Advice from a Bat
Dress your wounds with cobwebs
because a pound of flesh
can only sop so much blood.
When you cannot name the man
who clots the moon’s wax light,
cower in the thumb of a glove.
Lie in the grass, tell an untruth.
If a man quiets your moonshine,
call him a blind pig, this because thirst
is a form of sentence, complex.
Lick the quicksilver off my chest.
Never say “dumbshow” as I deworm the sky.
Only a dog silently nips at a cancer.
Without a dewclaw, peal a doorbell
with your pocket knife.
No matter how many times you cut
the letter I in half, it is still the letter I.
What the Crane Wrote
Because the crane sleeps on one leg,
I gave it a piece of chalk, held the slate,
and said, “Write.” These are the crane’s words:
I can smell your soul.
It smells like the sun,
like an accidental lamp.
When you point, a rosette of flesh
blooms over your knuckle.
A scab is but a dried flower.
When I dream, a horse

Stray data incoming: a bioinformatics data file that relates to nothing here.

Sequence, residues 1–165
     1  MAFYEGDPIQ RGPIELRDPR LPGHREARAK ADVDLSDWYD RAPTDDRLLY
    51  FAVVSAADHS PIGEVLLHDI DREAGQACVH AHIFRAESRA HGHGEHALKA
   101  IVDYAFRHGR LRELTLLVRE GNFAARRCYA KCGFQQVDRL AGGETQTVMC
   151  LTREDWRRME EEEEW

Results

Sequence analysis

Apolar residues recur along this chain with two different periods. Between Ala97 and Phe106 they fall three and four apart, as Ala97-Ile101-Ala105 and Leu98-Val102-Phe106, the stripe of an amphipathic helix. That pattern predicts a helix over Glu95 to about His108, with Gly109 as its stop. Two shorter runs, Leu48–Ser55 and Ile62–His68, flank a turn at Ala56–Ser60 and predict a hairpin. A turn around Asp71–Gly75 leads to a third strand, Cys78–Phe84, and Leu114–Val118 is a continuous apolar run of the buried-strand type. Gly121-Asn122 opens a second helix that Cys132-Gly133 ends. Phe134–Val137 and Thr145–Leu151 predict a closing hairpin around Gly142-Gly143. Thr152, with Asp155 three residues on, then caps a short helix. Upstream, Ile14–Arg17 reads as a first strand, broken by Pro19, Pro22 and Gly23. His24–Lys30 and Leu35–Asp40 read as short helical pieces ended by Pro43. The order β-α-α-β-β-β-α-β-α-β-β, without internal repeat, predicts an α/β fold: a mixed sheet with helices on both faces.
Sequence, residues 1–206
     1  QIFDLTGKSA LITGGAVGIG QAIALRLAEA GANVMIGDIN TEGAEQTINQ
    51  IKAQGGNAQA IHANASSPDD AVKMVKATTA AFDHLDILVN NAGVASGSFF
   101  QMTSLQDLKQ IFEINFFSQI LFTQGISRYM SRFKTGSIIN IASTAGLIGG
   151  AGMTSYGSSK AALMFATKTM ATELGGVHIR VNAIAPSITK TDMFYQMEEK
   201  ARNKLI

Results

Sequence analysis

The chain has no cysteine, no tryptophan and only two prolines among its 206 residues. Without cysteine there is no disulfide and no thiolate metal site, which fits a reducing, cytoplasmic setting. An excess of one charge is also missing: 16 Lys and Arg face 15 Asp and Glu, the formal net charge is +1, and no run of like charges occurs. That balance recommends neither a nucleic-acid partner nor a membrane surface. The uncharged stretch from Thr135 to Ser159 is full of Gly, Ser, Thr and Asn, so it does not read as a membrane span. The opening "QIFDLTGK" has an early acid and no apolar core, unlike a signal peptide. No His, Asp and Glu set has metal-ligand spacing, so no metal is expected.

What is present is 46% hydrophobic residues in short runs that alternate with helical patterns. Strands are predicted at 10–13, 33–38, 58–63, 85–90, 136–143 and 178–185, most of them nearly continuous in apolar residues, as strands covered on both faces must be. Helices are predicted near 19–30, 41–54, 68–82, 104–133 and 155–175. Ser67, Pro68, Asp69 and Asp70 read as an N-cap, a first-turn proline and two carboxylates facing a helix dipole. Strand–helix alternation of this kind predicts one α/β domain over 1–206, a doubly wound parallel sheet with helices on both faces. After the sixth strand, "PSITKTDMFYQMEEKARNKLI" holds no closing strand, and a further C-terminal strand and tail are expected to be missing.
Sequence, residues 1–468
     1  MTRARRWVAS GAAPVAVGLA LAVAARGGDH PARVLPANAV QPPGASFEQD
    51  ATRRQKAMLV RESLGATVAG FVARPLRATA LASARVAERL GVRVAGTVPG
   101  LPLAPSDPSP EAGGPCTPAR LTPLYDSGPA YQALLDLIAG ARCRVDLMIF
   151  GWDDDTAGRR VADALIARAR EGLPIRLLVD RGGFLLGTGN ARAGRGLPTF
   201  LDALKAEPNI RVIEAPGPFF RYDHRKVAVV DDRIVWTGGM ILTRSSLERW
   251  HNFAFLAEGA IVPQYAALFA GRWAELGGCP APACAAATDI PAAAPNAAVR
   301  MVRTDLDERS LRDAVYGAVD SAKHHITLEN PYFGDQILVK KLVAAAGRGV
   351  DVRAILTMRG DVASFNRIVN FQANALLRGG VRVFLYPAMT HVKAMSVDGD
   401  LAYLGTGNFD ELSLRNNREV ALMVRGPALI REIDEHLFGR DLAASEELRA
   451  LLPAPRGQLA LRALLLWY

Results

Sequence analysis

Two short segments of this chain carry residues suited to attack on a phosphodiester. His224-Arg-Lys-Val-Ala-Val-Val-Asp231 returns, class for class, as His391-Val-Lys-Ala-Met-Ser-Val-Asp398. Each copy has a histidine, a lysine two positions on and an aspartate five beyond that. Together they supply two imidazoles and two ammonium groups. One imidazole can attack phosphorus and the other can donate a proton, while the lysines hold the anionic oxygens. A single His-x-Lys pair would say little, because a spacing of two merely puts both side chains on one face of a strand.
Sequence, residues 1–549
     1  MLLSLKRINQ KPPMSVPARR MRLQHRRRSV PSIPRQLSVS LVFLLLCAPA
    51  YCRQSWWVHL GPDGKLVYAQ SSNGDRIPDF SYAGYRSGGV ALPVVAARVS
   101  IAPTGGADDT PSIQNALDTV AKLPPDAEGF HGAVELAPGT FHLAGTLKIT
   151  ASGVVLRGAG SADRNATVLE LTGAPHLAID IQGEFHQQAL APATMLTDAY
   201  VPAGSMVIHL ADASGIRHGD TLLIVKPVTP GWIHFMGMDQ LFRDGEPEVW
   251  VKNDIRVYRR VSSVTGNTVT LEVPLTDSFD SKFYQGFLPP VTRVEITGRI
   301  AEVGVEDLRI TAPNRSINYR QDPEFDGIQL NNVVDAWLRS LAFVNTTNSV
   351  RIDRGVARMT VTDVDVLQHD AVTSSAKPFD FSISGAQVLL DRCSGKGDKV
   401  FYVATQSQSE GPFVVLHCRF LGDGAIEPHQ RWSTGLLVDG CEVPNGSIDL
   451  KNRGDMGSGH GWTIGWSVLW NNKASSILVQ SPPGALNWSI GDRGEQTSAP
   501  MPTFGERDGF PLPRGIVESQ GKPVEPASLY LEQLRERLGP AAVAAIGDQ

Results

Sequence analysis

stands on my chest,
like a beast, to ride
a more perfect sleep.
I have swum rivers
of clouds and climbed
mountains of birds,
but the duck is a lie.
How many keys must I swallow
before I can hold one in my throat?
I must have too much escape
in my stomach. Bury me in honey.
Ezekiel Black is a Lecturer of English at The University of North Georgia. Before this position, he attended the University of Massachusetts Amherst, where he received an MFA in Creative Writing. His poetry and reviews have appeared inVerse, Sonora Review, Tarpaulin Sky, InDigest, Drunken Boat, CutBank, iO: A Journal of New American Poetry, Umbrella Factory Magazine, Barrelhouse Magazine, Columbia: A Journal of Literature and Art, BOAAT, and elsewhere. Lastly, he edits the audio poetry journal Pismire.